NEA: Tell me, you said you went back to basket weaving after you retired from dairy farming. What made you decide to do that?
LeRoy Graber: Well, I'm an outdoor person. After retirement I taught school, country school, for two years. I had this terrific herd of Holsteins that I could take over if I wanted to. That, combined with me being an outdoor person and loving nature as much as I do, made me switch to going back to weaving baskets.
NEA: How do you weave a willow basket?
LeRoy Graber: I have five steps that I have on a table that tell how to make a willow basket. The first is taking nine little thicker willows, tying them together with a thin willow, separating that cluster into spokes, so it looks sort of like a wheel in a way. And then, starting with thin willows, we weave around that and it gets bigger and bigger, and when we have the diameter of the bottom that we want, we'll stick another willow in beside each one of these spokes and bend those willows up and tie them together. And then we can weave upwards, and then we'll weave upwards as far as we want the height of the basket to be and here, if we want to have the basket bow out, we'll untie it and let the uprights spread out a little bit. If we want to bow it back in, we tie it on top again so the uprights are bowed in. So I think chiropractors would make a very good basket maker.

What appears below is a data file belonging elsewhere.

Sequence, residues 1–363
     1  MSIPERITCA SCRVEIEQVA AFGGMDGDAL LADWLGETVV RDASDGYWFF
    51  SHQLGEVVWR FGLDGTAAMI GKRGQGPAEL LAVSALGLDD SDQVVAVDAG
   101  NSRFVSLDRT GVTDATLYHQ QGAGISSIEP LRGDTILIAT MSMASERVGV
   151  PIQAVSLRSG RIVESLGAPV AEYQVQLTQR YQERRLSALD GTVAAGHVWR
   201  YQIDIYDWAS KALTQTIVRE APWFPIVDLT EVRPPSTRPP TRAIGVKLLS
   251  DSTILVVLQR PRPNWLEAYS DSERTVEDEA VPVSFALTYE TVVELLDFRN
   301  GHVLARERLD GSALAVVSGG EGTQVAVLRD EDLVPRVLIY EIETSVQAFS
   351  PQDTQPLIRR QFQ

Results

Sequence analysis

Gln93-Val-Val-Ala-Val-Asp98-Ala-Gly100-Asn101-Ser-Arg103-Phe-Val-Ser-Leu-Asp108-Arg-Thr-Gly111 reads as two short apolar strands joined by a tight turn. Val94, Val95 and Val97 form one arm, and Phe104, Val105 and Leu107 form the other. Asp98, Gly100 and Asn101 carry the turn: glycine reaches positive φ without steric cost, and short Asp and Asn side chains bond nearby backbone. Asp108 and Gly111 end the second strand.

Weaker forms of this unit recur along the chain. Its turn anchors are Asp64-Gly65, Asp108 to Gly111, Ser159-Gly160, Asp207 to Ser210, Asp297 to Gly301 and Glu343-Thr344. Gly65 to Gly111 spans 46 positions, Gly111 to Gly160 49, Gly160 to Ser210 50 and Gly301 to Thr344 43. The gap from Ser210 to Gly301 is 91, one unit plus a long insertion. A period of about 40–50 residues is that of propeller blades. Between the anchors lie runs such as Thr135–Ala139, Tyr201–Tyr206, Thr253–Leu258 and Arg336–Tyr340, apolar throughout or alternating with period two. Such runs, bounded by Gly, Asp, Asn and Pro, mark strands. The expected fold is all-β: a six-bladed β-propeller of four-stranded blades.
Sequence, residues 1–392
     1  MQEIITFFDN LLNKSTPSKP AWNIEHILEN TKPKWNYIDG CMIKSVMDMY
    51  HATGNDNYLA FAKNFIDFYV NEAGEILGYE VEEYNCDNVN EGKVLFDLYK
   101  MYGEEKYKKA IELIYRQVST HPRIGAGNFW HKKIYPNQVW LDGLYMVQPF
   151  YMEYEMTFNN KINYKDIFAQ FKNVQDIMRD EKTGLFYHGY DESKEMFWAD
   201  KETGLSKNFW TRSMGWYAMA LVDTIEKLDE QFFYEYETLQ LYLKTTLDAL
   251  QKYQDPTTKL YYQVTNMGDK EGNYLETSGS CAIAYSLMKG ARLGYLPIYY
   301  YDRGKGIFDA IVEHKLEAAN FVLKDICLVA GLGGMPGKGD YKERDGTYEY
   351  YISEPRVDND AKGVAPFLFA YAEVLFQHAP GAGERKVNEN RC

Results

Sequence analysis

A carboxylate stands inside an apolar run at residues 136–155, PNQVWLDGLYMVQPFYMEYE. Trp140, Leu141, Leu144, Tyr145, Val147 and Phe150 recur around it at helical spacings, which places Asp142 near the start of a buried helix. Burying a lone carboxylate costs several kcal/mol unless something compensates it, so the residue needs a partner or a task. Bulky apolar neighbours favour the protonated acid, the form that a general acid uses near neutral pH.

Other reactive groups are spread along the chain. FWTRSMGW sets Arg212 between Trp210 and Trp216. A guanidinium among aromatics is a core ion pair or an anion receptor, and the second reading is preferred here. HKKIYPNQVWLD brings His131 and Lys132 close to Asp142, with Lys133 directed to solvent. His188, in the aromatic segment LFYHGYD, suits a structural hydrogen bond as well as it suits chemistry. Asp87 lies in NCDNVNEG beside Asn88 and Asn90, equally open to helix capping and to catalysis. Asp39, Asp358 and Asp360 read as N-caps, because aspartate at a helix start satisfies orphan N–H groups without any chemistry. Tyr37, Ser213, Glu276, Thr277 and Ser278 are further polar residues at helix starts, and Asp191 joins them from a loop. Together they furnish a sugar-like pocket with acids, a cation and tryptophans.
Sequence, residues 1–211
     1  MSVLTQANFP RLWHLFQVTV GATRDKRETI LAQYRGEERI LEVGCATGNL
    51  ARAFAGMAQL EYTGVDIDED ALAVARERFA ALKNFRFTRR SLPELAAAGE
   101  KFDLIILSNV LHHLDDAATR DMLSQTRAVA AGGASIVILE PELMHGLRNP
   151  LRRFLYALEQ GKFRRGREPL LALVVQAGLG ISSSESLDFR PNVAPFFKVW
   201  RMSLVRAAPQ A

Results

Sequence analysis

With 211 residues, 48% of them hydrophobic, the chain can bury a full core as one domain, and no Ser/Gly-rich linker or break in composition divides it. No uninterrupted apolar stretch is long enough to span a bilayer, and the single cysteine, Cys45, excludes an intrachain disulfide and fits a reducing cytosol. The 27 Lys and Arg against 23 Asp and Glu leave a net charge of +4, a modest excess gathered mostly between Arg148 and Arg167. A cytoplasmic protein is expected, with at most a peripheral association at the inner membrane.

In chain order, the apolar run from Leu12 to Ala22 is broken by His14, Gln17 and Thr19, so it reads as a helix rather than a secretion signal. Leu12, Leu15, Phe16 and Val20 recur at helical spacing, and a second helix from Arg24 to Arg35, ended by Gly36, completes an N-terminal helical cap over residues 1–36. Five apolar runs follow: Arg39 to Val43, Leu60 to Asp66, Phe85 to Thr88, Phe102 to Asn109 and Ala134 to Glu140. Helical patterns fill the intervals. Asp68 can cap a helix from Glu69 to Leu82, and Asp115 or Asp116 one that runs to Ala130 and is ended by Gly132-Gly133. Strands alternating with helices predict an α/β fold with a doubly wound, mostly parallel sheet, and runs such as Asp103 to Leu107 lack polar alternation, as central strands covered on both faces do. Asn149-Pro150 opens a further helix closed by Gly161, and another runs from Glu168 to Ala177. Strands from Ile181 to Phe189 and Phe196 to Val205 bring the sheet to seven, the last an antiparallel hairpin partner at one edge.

When we have the height that we want, then these uprights, of which there are probably a foot and a half remaining, are bent over and woven into the rim on the top. And following that, is an option of having a handle on it or not. Now, I've gotten pretty fancy. Grandpa never made anything like that, in which we have different colors of willows, and I can weave a checkerboard into the part that goes up, or I can weave a spiral. There are several different kinds of weaves that are used in weaving a basket, many different kinds of rims on the top, so my son and I decided we could weave about 10,000 baskets and not make a duplicate.
NEA: What accounts for the changes in the colors?
LeRoy Graber: Well, for example when I weave around the basket going up, I will take a white willow or a lighter colored one and a darker one, for contrast. And I can make a nice checkerboard that way. If I go over two and under one, weaving upwards, and I use the same amount of willows and the same kind, I will have a spiral.
NEA: How long does it take you to weave a basket?
LeRoy Graber: Let's say that I make a basket of just one color, about a foot high, about a foot in diameter, the process there would depend a lot on the uniformity of the willows, and that's where the purchased willows are much more uniform that the ones that we drive around and cut ourselves along a lake shore or a river. Anyhow, after carefully selecting uniform willows -- because if I don't have them quite uniform, for some unknown reason, one side will get quite a bit higher than the other -- I will say it takes about seven and a half, eight hours.